Found yourself lost in a sea of technical jargon? Don't worry, in this article we'll list some of the most frequently used terms surrounding the platform. If there's something you think we've missed, please let us know.
"The platform" refers to the Marin platform, and includes a web-based interface, an API connector for each publisher, a reporting store, and supporting code and databases to make it all work seamlessly.
Marin Client Account (MCA)
An MCA, or Marin Client Account, is essentially a "sub-account" within your main Marin platform account. If you're a single business, you might need the one MCA; however, you can also add additional MCAs if required. For more info about this, please read our help center article.
Publisher Client Account (PCA) Or Search Engine Account
A PCA, or Publisher Client Account or Search Engine Account,, is a single publisher account (such as Google Ads). You can add PCAs for any supported publisher, including Google, Microsoft, and Yahoo! Gemini. If necessary, you can also add multiple PCAs for the same publisher. Your PCA credentials will allow you to sync all campaigns and objects from the publisher to the platform via the linking process. The platform synchronizes with Publisher Client Accounts.
Grid, Side Navigation, And The Filters Section
The grid is the largest part of the interface, and where you'll spend a lot of your time. The grid includes 20 rows of data (or more, depending on your preference) and a variable number of columns. The grid presentation is controlled by the user through column addition and removal, filtering in the columns and the filters section, and clicking through top-level navigation. Presentation of data in the grid is used both for campaign management in the platform and report setup and distribution. The Filters section to the left controls date ranges in the grid. From the Filters section, a user can set date ranges for data displayed in the grid and select specific publisher or search engine data amongst other things. The side navigation allows you to navigate to your publisher or search engine hierarchy more quickly.
The platform uses the API to post to the publishers. When a user creates new keywords, creatives, groups etc. or alters the existing ones in the Marin platform, this creates automatically a post operation to send this information to the publisher/search engine through the API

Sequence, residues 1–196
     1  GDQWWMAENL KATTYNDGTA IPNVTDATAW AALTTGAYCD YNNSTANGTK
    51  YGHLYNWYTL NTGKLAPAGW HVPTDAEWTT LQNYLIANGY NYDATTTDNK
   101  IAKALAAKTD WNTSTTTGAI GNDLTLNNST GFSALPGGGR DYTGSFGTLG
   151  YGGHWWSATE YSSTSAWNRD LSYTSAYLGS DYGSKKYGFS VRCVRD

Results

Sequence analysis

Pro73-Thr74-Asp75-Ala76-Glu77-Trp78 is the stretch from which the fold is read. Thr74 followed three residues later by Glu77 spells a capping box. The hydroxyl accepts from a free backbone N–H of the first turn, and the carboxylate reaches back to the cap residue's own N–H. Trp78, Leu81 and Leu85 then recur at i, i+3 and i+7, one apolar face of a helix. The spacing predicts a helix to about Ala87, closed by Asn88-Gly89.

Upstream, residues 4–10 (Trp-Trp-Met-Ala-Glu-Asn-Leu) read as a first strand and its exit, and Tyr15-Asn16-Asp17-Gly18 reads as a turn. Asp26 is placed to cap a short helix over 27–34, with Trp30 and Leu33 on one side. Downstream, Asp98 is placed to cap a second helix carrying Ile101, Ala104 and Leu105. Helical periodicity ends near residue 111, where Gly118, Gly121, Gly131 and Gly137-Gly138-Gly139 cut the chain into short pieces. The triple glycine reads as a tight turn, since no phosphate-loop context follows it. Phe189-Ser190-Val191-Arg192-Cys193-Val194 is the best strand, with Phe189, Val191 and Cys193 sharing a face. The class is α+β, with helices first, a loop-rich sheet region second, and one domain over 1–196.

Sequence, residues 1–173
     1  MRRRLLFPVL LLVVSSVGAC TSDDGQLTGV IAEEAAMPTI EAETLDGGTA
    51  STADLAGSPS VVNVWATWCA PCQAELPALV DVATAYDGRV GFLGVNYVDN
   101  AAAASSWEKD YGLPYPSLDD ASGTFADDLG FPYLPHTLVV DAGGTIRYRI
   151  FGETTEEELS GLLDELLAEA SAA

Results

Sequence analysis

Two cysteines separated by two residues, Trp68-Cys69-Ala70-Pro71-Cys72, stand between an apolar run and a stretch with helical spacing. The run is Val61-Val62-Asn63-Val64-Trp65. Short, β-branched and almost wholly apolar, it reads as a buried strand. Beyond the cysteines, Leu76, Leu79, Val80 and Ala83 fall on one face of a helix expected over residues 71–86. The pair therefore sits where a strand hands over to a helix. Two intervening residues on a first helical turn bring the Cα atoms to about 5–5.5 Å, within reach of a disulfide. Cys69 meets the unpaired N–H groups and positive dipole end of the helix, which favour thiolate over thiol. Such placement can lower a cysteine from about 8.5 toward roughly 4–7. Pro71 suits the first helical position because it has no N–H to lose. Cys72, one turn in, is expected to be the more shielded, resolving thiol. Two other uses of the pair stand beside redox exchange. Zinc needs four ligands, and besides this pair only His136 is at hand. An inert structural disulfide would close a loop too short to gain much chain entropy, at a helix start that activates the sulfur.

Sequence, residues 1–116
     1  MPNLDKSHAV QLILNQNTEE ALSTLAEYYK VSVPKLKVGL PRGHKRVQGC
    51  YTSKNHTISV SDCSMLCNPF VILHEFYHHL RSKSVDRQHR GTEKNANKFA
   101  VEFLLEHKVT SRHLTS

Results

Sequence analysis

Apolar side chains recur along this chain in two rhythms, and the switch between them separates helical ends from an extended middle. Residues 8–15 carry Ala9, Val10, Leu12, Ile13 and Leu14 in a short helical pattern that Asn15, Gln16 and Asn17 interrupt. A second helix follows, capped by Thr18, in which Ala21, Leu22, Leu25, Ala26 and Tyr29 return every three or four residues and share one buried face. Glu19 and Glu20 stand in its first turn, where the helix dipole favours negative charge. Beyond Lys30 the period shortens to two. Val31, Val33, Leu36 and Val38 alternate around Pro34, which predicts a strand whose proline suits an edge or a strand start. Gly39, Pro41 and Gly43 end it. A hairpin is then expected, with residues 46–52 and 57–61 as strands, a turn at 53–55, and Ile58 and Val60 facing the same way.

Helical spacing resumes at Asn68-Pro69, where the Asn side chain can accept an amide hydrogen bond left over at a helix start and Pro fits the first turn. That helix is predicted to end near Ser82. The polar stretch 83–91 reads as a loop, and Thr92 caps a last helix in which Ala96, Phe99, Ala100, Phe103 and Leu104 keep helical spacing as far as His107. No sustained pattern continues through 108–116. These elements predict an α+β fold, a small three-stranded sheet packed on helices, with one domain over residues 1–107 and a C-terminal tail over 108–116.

Just as the platform posts, the Search Engine or Publisher Accounts synchronize. The platform synchronizes once a day automatically, picking up changes and new items from the Search Engine or Publisher Accounts. A user can also initiate synchronization with the click of a button in the platform.
API is short for Application Programming Interface. The platform uses APIs to communicate with our Search Engine And Publisher partners. Using APIs, we can pass valuable information back and forth and change settings in a Search Engine or Publisher Account based on a post from the platform.
Site visitors don’t always purchase immediately, they may click, then leave to compare your offering with others before purchasing from you. As site visitors leave and return, the pixel continues to track that visitor’s behavior. Marketers can view each visitor’s series of clicks to the website. Depending on strategy, the marketer may decide to apply the purchase to the first click, last click, or credit some percentage of the sale across clicks to the site. This attribution defines the dollar return on each click cost. Two different attribution strategies on the same campaign could show very different results!
Dimensions are a feature of the Marin platform which enables tracking, reporting, and managing campaigns, groups, creatives, and keywords independent of account structure. Objects can be tagged with multiple dimensions; these tags exist solely within the application and will never be pushed to the publisher.
The interface refers to the the platform’s presentation in your web browser. The interface includes data presented in the web browser and the buttons you use to change the presentation to your needs.
Tracking pixels are small pieces of code designed to track user behavior on a website. The pixel working in conjunction with the visitor’s browser sends information to the pixel owner about each visitor every time they visit the site. Many people use pixels to track the arrival of a potential client on the site and later any purchases that client might make. There are two types of pixels, on-page pixels and redirect pixels. On-page pixels are placed on the web page. Visitors to sites using on-page pixels travel straight from the creative to the site. Redirect pixels are placed on a remote server. Visitors to a site using redirects travel from the creative to a server housing the pixel, and then to the website.